Lewis à M.Poilievre. En fait, vous n’avez pas abordé la question tant que cela ne vous était pas bénéfique.”,”text”:”Vous n’étiez pas celui qui parlait le plus fort, a lancé Mme Lewis à M. Poilievre. En fait, vous n’avez pas abordé la question tant que cela ne vous était pas bénéfique.”}}”>You weren’t the loudest speaker, Mrs. Lewis told Mr. Poilievre. In fact, you didn’t raise the issue until it was of benefit to you.

Leslyn Lewis on stage.

Leslyn Lewis is running in her second Conservative leadership race in two years.

Photo: The Canadian Press/Adrian Wyld

Ms Lewis also directly challenged her opponent Scott Aitchison, who suggested during the debate that the Conservatives should not conspiracy theories

What worries me is that we keep running away from problems because we don’t want to be called conspiracy theorists, she noted. And then, a few months later, these realities come into play.

A first glimpse

Unofficially, Thursday’s debate was held in English at the Shaw Center in Ottawa. He opened the 14th Canada Strong & Free Network (CSFN) Networking Conference, formerly known as the Manning Center to Preston Manning, founder of the late Reform Party of Canada.

The oratorical contest, which lasted 90 minutes, was moderated by Candice Malcolm, editor of the right-wing media platform true northand radio host Jamil Jivani, who will become president of the CSFN in the coming days.

All certified candidates attended, with the exception of Brampton Mayor Patrick Brown, who campaigns behind the cameras with cultural communities.

Important business

The CCP has faced heated debate since Erin O’Toole’s impeachment in February, most notably over the sanitary measures to be taken to combat the COVID-19 pandemic.

More recently, the leak indicated that the U.S. Supreme Court’s Roe v. Wade has also revived the issue of abortion, a practice that, like Leslyn Lewis, has been opposed by dozens of conservative MPs. The entire caucus has also been ordered to remain silent on this matter.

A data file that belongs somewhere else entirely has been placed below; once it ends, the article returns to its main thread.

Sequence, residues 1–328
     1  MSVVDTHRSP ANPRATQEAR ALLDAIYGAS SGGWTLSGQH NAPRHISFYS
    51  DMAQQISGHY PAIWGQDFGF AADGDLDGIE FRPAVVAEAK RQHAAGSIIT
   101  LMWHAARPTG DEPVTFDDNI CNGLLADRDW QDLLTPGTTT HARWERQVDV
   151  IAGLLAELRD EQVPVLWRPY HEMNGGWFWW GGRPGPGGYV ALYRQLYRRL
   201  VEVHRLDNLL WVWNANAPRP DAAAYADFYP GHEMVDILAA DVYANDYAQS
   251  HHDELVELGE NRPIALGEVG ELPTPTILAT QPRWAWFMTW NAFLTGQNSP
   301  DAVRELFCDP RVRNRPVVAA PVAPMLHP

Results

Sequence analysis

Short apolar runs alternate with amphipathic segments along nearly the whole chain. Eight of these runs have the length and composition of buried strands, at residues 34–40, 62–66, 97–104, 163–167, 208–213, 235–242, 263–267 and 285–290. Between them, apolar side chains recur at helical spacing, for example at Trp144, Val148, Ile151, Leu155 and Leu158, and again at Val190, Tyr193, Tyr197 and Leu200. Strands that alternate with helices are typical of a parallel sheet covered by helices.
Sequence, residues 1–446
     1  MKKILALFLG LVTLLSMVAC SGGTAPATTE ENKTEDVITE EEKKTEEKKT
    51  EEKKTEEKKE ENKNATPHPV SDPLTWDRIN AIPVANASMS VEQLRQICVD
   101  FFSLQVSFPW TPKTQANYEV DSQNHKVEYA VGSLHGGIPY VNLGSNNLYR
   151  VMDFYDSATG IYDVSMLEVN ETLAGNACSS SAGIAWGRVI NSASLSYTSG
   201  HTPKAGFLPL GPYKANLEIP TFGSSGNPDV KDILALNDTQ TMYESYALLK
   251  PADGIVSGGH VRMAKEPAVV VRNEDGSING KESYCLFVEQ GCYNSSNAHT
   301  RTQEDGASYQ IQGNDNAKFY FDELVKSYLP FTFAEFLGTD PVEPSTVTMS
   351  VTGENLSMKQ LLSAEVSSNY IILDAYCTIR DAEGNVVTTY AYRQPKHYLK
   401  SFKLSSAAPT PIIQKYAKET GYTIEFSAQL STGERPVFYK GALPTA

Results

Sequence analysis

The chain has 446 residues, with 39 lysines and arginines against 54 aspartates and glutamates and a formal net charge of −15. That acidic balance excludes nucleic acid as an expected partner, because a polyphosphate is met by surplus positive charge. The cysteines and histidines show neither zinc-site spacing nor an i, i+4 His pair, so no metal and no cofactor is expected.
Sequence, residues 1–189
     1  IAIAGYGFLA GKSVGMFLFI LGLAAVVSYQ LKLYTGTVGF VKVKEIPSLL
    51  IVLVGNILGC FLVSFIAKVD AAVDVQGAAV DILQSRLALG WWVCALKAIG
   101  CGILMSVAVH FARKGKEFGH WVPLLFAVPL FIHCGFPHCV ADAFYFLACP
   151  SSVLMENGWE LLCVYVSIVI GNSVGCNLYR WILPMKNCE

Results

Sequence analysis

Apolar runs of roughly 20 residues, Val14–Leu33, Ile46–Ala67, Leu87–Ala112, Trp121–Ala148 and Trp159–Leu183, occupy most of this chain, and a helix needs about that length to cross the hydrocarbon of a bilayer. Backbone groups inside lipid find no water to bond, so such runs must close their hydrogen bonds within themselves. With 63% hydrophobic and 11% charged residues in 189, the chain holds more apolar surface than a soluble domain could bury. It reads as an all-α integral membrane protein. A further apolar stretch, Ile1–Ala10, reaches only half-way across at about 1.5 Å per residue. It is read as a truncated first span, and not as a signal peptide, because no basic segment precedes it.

In a press release, the Liberal Party of Canada, which currently heads a minority government backed by the New Democratic Party, also argued that the candidates for the leadership of the CPC on Thursday provided evidence that they disconnected from Canadian priorities

A step forward for Pierre Poilievre

The CPC leadership race has six official candidates, who have until June 3 to sell membership cards. Pierre Poilievre, Jean Charest, Patrick Brown, Leslyn Lewis, Scott Aitchison and Roman Baber are in the running.

None of them come from the provinces of western Canada, where, paradoxically, the militant base of the political formation is found.

Six other candidates aspired to replace Erin O’Toole, Leona Alleslev, Marc Dalton, Joseph Bourgault, Grant Abraham, Joel Etienne and Bobby Singh, but they did not have their candidacy certified by the party.

Five out of six conservative candidates for leadership.

From left to right: Roman Baber, Jean Charest, Pierre Poilievre, Scott Aitchison and Leslyn Lewis.

Photo: The Canadian Press/Adrian Wyld

The House of Commons currently has 119 members of the CPC, which forms the official opposition in Ottawa. Of the couple, 52 deputies support Pierre Poilievre, four times more than Jean Charest, his closest opponent on the matter.

The MP for Carleton also leads in fundraising, according to the latest data from Elections Canada.

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Several other debates are yet to take place between now and the election of the new Conservative leader on September 10.

In particular, the six candidates will have to participate in the official PCC debates, which will take place on May 11 in Edmonton (in English) and on May 25 in Laval (in French). A third game may also be added if the side so decides.

Ex-journalist Tom Clark will be responsible for moderating the debate on May 11, but the identity of his French-speaking counterpart, before May 25, has not yet been revealed.

More details to follow.